Watch It

On DVD: Now | On Blu-ray: Now

School of Rock Review

Other Critics provided by

Critics scores range from 0 to 100, with higher scores indicating more favorable reviews.

  • 5.0

    out of 100

    Universal acclaim
    based on a weighted average of all
    critic review scores.

  • 100

    out of 100

    Entertainment Weekly Owen Gleiberman

    The School of Rock was made by gifted veterans of the American indie scene, but it's still the most unlikely great movie of the year.

    Read Full Review

  • 100

    out of 100

    Wall Street Journal Joe Morgenstern

    This joyous farce is a big, big deal, and Jack Black is nothing less than majestic as a scruffy, irreverent rocker passing himself off as a pedagogue in a private school.

  • 80

    out of 100

    The Hollywood Reporter Kirk Honeycutt

    The film hits another comic mother lode in the byplay between Black and Cusack.

    Read Full Review

  • 88

    out of 100

    USA Today Mike Clark

    It plays even more like a bent version of Meredith Willson's "The Music Man" for the new millennium. Slinging a line of bull but displaying genuine affection for the youngsters he's bamboozling.

    Read Full Review

  • See all School of Rock reviews at

For Families provided by Common Sense Media

OK for kids 12+

Standout Jack Black in nerds-become-cool comedy.

What Parents Need to Know

Parents need to know that School of Rock is as much a vehicle for Jack Black to make rock 'n' roll faces while playing guitar as it is hilarious fun for musicians and music fans of all ages. There is occasional profanity --some of it spoken by 10-year-olds -- and Black's character freely discusses his hangovers with the class he's teaching. There are brief shots of adult characters drinking and smoking (this is about playing rock 'n' roll, after all), but nothing terribly gratuitous. Beyond this, School of Rock is an enjoyable way for kids to learn about music, and for families to talk about the amount of work and personal satisfaction that results in starting a band. Furthermore, the film addresses body issues in a positive way when one of the girls in class is afraid to sing because she thinks she's "too fat."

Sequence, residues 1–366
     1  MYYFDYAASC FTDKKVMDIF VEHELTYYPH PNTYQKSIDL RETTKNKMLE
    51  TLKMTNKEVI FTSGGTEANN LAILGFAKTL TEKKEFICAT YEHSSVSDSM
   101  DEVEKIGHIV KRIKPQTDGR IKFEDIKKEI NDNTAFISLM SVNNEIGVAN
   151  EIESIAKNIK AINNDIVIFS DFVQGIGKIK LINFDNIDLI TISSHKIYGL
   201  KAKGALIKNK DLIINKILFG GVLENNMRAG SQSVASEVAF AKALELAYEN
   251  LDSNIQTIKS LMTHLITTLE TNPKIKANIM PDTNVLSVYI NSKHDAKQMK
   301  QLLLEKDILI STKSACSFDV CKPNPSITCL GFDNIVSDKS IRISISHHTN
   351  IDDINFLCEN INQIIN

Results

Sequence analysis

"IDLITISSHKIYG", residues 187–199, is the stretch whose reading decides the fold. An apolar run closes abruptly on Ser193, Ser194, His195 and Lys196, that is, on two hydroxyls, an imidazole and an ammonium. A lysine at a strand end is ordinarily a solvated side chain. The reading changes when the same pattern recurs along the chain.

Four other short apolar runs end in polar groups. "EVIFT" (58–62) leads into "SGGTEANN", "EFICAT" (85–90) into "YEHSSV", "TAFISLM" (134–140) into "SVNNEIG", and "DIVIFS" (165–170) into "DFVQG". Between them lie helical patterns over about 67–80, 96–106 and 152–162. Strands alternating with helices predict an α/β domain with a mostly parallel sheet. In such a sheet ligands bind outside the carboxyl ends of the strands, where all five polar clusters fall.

• Families can talk about how much Dewey loves rock 'n' roll. Why is it so important to him? What does it allow him to express?
  • How does School of Rock compare with other movies you've seen about starting or performing in a band?
  • What's the most important thing Dewy learns from the kids, and what is the most important thing they learn from him?

The good stuff
  • message true1

    Messages: While intended to entertain, the film, directly and indirectly, name-drops literally hundreds of bands from the past and bands closer to 2003, when School of Rock was released. Also, in a comedic manner, the roles of different instruments are discussed, and the film does touch on the work and practice required to be in a successful band.

  • rolemodels true1

    Role models: With long hours of practice and dedication, bands improve over time. It's important for kids to follow their dreams, and to apply their talents to their fullest potential.

What to watch for
  • violence false2

    Violence: Early in the film, a character dives off a stage. No one catches him and he lands on his face.

  • sex false0

    Sex: Not applicable

  • language false2

    Language: Occasional profanity: "ass," "s--t," "pissed." A 10-year-old uses the word "stupid-ass." Early in the film, the main character uses an obscene gesture.

  • consumerism false0

    Consumerism: Band stickers are pretty much everywhere in the film except for the prep school.

  • drugsalcoholtobacco false2

    Drinking, drugs and smoking: As some of the film is set in rock clubs, characters hold beers and cigarettes. During one scene, Dewey has a beer with the principal of the school. The principal starts to act tipsy, but that could just as easily be the affect the Stevie Nicks song on the jukebox has on her.